Google and the give-and-take of privacy
However, many of these actions can also be seen as Google wanting to make sure it hangs on to as much data as possible. “Don’t switch Location History off entirely! Just temporarily use Incognito Mode when you’ve got something to hide!” And “don’t share your Nest data with other companies, let us keep it!”
The truth is privacy and utility have a more complicated relationship in the modern world than we might wish. While many of us would love the benefits of Google’s amazing technology without the company tracking us, it’s not really possible.
Google needs to track us to make money, but it also needs to track us to make its user-focused technologies work so well. It’s this tradeoff that makes dumping Google a far less appealing prospect to many than dumping Facebook. If you choose total privacy away from Google you’ll lose out by missing the convenience others benefit from.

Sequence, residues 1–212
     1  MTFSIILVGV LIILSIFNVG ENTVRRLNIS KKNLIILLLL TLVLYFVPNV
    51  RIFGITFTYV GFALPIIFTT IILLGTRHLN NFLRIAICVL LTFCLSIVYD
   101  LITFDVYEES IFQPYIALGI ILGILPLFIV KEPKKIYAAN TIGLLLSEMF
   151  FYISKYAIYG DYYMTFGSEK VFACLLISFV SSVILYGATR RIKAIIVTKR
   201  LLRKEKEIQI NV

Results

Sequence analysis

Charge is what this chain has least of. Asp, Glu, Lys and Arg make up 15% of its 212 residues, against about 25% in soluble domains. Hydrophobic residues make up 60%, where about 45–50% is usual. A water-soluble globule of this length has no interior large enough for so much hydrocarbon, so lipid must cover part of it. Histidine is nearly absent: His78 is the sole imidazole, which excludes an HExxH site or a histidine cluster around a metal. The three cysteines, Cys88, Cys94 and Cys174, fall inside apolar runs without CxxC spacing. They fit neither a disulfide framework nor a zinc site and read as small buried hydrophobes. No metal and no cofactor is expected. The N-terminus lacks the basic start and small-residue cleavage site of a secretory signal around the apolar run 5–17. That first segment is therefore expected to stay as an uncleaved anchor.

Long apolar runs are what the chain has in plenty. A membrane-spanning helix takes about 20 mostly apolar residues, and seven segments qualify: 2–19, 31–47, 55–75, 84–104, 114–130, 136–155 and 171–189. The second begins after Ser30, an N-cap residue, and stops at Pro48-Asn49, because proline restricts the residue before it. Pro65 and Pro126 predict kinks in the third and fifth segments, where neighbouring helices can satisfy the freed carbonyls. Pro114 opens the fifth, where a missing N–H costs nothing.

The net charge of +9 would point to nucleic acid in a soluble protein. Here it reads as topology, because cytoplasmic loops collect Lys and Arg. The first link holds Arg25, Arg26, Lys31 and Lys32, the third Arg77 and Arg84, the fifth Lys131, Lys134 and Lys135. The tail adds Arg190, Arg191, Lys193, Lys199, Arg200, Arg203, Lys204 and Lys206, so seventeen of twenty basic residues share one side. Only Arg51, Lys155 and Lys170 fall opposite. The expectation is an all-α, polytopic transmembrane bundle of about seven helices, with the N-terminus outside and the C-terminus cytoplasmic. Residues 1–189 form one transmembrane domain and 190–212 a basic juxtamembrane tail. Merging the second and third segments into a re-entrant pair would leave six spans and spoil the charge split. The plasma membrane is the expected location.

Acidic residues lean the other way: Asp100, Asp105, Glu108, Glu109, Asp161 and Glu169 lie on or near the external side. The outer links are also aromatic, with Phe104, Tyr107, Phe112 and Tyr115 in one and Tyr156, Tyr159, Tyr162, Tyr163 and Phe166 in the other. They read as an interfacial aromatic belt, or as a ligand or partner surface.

At some point, the value of all this utility becomes greater than the potential cost of giving Google so much data — at least in the short term (who knows what the long-term implications are of one company having so much information).
Let’s not kid ourselves, by introducing more privacy-focused features, Google is aiming to avoid regulation that may hurt it more than it can hurt itself. But as long as we’re aware that’s the case, I’m happy with the compromise. For now, at least.